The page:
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Captive US Veteran Merrill Newman Returns Home

Merrill Newman, center, walks beside his wife Lee after arriving at San Francisco International Airport on Saturday, Dec. 7, 2013.
Merrill Newman, center, walks beside his wife Lee after arriving at San Francisco International Airport on Saturday, Dec. 7, 2013.
VOA News
An American Korean War veteran has returned to the United States after being detained for more than a month in North Korea.

Eighty-five-year-old Merrill Newman arrived at San Francisco International Airport on Saturday accompanied by his wife and son.

He told reporters he is tired, but that he has experienced a "great homecoming." He thanked U.S. and Swedish diplomats for helping secure his release.

Newman flew to San Francisco from Beijing, after being deported early Saturday by North Korean authorities.

He had been visiting North Korea with a tour group when he was removed from an airplane October 26 as he prepared to leave the country.

Last month, the North's official Korean Central News Agency posted a video of Newman reading an apology aloud, confessing to alleged crimes during the Korean War and so-called hostile acts.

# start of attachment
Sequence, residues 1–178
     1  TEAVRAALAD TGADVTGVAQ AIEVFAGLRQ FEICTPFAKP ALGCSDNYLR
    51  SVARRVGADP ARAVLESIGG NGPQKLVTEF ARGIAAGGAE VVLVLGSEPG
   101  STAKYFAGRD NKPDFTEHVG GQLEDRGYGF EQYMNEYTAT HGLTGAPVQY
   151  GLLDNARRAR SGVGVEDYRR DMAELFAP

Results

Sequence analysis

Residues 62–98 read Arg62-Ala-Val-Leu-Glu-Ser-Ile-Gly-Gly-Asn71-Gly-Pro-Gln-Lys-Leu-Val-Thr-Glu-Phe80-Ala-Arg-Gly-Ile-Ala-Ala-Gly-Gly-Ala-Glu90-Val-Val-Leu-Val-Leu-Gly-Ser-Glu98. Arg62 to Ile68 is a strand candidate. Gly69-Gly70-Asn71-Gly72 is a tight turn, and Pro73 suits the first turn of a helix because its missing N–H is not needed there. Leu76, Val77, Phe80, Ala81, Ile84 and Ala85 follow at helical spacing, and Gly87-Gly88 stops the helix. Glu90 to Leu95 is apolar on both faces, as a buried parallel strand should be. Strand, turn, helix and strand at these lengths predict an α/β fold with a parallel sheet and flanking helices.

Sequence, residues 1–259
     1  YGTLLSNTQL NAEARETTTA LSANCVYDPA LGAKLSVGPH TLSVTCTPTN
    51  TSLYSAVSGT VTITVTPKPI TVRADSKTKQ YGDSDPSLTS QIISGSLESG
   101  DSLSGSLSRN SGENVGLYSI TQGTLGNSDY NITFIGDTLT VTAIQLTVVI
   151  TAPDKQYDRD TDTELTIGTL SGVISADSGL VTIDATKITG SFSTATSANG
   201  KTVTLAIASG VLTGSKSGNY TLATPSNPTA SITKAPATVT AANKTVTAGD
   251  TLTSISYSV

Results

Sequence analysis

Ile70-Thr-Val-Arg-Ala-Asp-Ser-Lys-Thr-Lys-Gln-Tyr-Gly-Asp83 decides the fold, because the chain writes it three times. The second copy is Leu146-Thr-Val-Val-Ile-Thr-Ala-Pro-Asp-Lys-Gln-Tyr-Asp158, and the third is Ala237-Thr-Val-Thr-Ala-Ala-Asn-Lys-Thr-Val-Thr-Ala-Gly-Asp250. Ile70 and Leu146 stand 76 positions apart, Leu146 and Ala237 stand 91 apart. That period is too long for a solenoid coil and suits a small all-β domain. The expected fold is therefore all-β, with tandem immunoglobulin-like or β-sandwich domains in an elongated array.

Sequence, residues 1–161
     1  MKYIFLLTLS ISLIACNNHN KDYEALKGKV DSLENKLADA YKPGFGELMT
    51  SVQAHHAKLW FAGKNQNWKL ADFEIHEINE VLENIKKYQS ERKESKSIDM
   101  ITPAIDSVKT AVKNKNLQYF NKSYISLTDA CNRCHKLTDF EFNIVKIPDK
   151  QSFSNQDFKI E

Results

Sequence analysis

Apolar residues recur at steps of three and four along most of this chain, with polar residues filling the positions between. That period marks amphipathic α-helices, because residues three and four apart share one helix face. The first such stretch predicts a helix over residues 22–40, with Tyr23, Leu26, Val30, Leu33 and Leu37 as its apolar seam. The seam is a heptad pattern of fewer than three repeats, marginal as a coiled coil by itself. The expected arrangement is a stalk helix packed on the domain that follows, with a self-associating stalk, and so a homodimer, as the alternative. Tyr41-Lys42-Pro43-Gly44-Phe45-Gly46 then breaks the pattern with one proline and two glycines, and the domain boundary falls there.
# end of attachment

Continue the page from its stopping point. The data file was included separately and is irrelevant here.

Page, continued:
North Korea's news agency said Saturday Newman was released on humanitarian grounds because he had admitted wrongdoing and apologized.

State Department spokeswoman Marie Harf called Newman's release a positive decision, but urged Pyongyang to also release another American, Kenneth Bae, who has been held there for more than a year. Bae is a Korean-American missionary and tour operator. He is being held for alleged subversion.

Harf thanked the government of Sweden, which represents U.S. interests in North Korea because the U.S. does not have an embassy there.

Newman's release came as U.S. Vice President Joe Biden visited South Korea. Biden said he had spoken with Newman by phone after his release.

Some information for this report was provided by AP and Reuters.

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by: Yoshi from: Sapporo
December 08, 2013 7:45 PM
It is surprising to me that NK condemned and detained an old ex-soldier for his act conducted during the war more than sixty years ago. It is not good to be fixed too much to something happened old days.

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